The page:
Fulham 1 Chelsea 2: Chelsea's wake-up call alarms Hodgson

Click to follow
The Independent Football

New year, new hope, new manager but same old failing. Fulham's ritual second-half capitulation cost them dearly in Roy Hodgson's first game in charge just as it had so fatally undermined his predecessor, Lawrie Sanchez. Nine times now a lead has been squandered this season and, with that statistic, a staggering 22 points have been thrown away. But this loss will hurt most of all. As well as the points, the local bragging rights also went back up the New Kings Road as Chelsea, so abject for the first 45 minutes, turned matters around.

It will be even more painful for Fulham in that the defeat came courtesy of the softest of penalties, with Michael Ballack tumbling easily as Clint Dempsey held his shirt. It was Chelsea's stand-in captain himself who seized the ball and calmly stroked it into the net. It was also the 30th goal of the 37 Fulham have in the debit column conceded in the second half of games by the home side. "The penalty is a subject of discussion," said Hodgson, whom was taking control of his first game in England for 10 years, "but if you have any luck it wouldn't have been awarded."

Ballack, finally injury-free, took responsibility then and he took responsibility throughout the second period, dragging his team back into proceedings. Maybe Chelsea have a new player in him, as well, as they desperately search to plug the gaps that have appeared due to their horrendous injury list. That has taken another turn for the worse with the news that John Terry has suffered a setback in his recovery from a broken foot.

There was encouragement in Ballack for Chelsea's manager, Avram Gran, and there was, obviously, encouragement in the result, but as against Newcastle United last weekend, Chelsea were fortunate to win. Still, they have garnered 10 points from the Christmas programme.

The key to victory yesterday was a half-time switch in which the anonymous Steve Sidwell was withdrawn and John Obi Mikel introduced, with Grant reorganising his midfield, freeing Michael Essien of the shackles of being the holding player. "It was a bit loud in the dressing room but we saw we couldn't keep playing like we did in the first-half," Ballack said of the response of Grant and more likely that of his volcanic assistant Henk ten Cate. "At half-time when the players are sleeping, sometimes you have to wake them," Grant said. "Everything was wrong."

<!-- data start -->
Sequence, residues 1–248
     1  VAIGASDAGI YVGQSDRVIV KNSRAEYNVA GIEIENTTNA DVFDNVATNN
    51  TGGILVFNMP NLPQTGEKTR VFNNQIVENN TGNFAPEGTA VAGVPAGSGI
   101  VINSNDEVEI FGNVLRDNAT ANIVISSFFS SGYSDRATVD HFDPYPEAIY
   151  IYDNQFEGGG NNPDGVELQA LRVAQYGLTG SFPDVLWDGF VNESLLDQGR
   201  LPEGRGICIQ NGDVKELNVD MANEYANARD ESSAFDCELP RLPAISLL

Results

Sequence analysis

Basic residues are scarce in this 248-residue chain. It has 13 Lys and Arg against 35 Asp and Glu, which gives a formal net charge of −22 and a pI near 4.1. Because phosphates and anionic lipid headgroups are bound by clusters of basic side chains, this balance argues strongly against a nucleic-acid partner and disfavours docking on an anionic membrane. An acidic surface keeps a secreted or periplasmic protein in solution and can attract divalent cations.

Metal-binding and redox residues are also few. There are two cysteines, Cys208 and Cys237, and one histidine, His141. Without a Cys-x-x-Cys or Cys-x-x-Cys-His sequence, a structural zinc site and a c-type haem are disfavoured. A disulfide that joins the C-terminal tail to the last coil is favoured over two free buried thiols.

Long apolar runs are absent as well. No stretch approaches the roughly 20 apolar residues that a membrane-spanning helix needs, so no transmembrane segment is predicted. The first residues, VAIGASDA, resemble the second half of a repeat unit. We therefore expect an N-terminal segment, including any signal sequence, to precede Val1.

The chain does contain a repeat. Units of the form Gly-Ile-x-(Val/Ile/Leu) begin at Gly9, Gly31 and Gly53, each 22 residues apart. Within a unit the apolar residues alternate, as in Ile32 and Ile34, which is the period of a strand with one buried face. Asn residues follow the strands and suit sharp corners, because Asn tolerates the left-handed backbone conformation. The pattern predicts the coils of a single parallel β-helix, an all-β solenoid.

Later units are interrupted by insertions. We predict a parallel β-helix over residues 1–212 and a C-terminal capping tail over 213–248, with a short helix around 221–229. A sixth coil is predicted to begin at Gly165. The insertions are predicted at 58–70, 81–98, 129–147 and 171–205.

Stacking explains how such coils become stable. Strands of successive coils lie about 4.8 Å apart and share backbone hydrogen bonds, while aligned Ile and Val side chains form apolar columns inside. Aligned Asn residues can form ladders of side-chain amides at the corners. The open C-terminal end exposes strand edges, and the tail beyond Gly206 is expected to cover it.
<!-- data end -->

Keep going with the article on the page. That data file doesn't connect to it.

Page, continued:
If the second half belonged to Ballack, the first period was Danny Murphy's. It was a tale of two midfielders. For a while Murphy pulled the strings, playing with industry and imagination. As the game ran away from Fulham, however, he became as drained as the rest of his team-mates, even if Hodgson maintained that there had been "fight, spirit, determination" until the end.

The new man was more on the mark when he questioned "the balance of the team" he has inherited. He predicted that this month, with the transfer window open, would be a busy time at Craven Cottage and it needs to be if Fulham are to survive.

Still as the opening minutes unfolded, there was encouragement. The game was taken to Chelsea, with Simon Davies a bundle of energy down the left and Moritz Volz striving down the right. It was the latter who won Fulham's penalty, even if it was cleverly constructed by Murphy, who shielded the ball, bought time and space from Ballack and released the makeshift midfielder, who cut inside Wayne Bridge before being clipped by the backtracking Joe Cole. Cole has an unfortunate habit of conceding in such a way and Murphy did not waste the chance, carefully placing his spot-kick beyond Hilario's grasp.

Poor as Chelsea were, they still created two clear opportunities. Shaun Wright-Phillips, clean through, dragged a shot wide, while Salomon Kalou's attempt to flick the ball over Antti Niemi only narrowly failed. However, in the main, the visitors over-hit passes, lacked coordination and played long-ball football. Their best hope was the set piece. Once Cole and Wright-Phillips were stood down from delivery duties, Juliano Belletti took over and suddenly Chelsea were more threatening. Bigger and more imposing, as Hodgson pointed out, they levelled when Alex met Belletti's corner and headed it back across goal for Kalou to fling himself in front of Volz to head home.

It totally changed the dynamics of the game. Eight minutes later, Ballack scored his penalty after being fouled as he attempted to reach Belletti's free-kick. Moments later he swung a free-kick of his own narrowly wide and, although Fulham tried to hit back, it was Chelsea who came closest to scoring again when Claudio Pizarro made a hash of a volley. It meant Fulham lost again.

Are they simply just not good enough? "Managers don't say that," Hodgson said. Not in public, at least. He certainly has his work cut out.

Goals: Murphy pen (10) 1-0; Kalou (54) 1-1; Ballack pen (62 ) 1-2.

Fulham (4-4-2): Niemi; Omozusi, Stefanovic, Bocanegra, Konchesky; Volz (Seol, 68), Murphy, Davis (Smertin, 70), Davies; Dempsey, Kamara (Healy, 77). Substitutes not used: Warner (gk), Kuqi.

Chelsea (4-3-3): Hilario; Belletti, Alex, Ben Haim, Bridge; Ballack, Essien, Sidwell (Mikel, h-t); Wright-Phillips (Pizarro, 88), Kalou, J Cole (Ferreira, 89). Substitutes not used: Taylor (gk), Sinclair.

Referee: M Halsey (Lancashire).

Booked: Fulham Stefanovic.

Man of the match: Ballack.

Attendance: 25,357.

Comments